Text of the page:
Marrying Your Parent
A number of reports are out there that SBC has agreed to by AT&T for $16 billion, which is incidently about a third of the price that SBC and Bell South paid for AT&T Wireless (a seperate company). Whether or not the government will approve of this transaction is a different issue entirely.
For those who don’t know the history of telecom in the USA, AT&T (Ma Bell) was the phone company in the US until the early 1980s. AT&T was then broken up into an “Interstate” unit (i.e. Long Distance) whereas local service was to be provided by the “Baby Bells.” The country was carved up into regions and some new companies were created to serve those regions. Southwestern Bell (now known as SBC) was one of those companies.
So what does this have to do with VoIP? It gives SBC a ready-made consumer VoIP offering. Not that SBC couldn’t easily do their own, but in the short term (until the merger was approved and executed) they could easily resell AT&T Call Vantage under their own name (VoIP companies do this all the time). Why bother to build it when the company you are about to acquire has already done it? They could even provide cheap/free call termination for AT&T as a means of paying for this privilege, or even help AT&T provide expanded CallVantage service. Of course, I’m sure the people in charge of SBC aren’t that forward thinking, or there’s some legal problem with that strategy.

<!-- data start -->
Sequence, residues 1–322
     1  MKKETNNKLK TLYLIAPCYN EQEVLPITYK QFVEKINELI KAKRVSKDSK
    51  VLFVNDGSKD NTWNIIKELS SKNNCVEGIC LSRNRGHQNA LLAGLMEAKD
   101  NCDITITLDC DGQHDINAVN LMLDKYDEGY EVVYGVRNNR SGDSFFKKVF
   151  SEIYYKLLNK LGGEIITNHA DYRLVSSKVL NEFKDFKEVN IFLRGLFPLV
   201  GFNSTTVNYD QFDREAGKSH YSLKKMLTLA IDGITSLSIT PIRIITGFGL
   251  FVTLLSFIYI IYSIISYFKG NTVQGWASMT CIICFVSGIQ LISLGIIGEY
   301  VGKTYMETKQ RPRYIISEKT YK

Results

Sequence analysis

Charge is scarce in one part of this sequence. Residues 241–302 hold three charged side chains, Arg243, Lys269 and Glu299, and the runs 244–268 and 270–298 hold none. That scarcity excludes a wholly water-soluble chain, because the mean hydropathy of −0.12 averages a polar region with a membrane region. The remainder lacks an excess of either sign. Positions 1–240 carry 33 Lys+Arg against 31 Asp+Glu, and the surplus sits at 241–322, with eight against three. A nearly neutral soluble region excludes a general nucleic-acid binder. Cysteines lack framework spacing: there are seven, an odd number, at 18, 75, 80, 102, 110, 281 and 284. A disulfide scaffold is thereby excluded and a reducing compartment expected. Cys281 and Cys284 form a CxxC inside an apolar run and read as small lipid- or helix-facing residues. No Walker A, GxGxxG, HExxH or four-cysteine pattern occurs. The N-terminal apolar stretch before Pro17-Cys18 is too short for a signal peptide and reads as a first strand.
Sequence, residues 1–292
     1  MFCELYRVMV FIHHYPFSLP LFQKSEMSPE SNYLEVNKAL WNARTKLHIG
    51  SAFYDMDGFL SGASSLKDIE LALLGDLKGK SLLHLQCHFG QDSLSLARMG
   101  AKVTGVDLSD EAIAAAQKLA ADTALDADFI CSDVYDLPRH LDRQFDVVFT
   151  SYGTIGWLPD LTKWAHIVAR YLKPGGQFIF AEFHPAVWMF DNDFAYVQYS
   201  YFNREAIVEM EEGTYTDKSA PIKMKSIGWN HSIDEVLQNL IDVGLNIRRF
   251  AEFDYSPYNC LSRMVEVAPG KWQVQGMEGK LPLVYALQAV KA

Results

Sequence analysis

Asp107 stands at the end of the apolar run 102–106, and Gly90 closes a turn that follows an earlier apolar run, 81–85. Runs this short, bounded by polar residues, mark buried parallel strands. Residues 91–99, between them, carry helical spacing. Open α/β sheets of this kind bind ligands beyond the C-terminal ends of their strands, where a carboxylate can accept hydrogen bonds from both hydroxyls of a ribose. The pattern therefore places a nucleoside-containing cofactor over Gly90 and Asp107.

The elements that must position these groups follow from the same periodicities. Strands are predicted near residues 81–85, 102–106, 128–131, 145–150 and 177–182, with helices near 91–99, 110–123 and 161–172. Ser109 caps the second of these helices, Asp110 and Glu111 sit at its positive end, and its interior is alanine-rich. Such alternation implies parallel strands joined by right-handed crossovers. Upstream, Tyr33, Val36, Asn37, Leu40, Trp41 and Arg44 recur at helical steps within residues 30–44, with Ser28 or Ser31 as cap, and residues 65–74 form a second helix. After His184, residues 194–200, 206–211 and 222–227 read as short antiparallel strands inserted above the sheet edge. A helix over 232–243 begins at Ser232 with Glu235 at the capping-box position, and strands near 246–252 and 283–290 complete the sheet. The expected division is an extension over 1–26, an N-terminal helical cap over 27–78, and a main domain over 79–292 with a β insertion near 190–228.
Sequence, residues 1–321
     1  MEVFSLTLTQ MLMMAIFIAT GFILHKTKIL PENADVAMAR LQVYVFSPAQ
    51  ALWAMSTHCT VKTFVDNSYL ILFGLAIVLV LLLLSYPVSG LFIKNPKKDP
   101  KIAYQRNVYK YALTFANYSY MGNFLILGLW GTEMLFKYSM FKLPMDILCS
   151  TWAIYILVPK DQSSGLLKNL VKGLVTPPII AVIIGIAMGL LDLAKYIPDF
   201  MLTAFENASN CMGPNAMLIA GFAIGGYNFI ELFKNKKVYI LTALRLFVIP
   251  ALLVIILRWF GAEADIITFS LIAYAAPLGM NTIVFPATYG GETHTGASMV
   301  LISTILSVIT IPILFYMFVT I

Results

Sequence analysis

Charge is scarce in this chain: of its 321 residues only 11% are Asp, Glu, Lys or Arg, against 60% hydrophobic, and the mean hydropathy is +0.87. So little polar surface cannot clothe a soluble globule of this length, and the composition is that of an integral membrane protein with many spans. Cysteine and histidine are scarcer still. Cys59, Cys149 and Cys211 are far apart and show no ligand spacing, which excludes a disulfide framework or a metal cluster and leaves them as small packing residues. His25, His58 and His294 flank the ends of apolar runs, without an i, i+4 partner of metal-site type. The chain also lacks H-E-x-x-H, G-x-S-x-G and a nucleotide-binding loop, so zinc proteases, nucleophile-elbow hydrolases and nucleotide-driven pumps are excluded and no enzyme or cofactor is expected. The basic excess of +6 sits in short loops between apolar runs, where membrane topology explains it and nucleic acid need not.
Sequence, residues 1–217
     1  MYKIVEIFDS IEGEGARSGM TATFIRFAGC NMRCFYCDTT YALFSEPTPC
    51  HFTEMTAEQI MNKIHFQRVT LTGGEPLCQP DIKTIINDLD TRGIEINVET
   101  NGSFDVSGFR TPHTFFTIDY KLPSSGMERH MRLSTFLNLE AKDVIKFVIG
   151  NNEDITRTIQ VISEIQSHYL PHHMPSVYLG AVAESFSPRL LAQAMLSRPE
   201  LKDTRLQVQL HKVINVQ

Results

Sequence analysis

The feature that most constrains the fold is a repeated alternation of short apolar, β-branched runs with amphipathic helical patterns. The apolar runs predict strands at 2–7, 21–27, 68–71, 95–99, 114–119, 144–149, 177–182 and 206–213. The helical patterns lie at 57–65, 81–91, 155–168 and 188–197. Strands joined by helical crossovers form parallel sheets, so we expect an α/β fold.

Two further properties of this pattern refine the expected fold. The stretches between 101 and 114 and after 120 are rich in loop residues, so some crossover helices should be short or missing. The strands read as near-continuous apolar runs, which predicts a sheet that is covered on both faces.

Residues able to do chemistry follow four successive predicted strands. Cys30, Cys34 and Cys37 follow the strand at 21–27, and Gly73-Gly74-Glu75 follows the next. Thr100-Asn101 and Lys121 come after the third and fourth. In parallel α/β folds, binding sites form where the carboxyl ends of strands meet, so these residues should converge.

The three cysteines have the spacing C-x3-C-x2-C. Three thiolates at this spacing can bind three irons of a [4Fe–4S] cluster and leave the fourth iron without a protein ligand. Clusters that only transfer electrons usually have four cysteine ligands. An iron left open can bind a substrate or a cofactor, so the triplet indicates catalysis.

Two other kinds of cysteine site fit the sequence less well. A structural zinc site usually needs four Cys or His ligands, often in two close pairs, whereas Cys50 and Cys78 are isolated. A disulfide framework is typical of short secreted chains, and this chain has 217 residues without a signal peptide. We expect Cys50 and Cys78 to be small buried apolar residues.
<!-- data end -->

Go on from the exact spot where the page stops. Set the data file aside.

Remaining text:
I do wonder what will happen with the “deal” that was signed by AT&T to be a mobile virtual network operator with Sprint for mobile phone service? Seems to me both Sprint and AT&T might want to back out of this deal as I’m pretty sure Sprint doesn’t want to give one of its major competitors that kind of access to their network. Cingular probably doesn’t want to pay unnecessary money to Sprint either.
In any case, we live in interesting times in the telecommunications industry.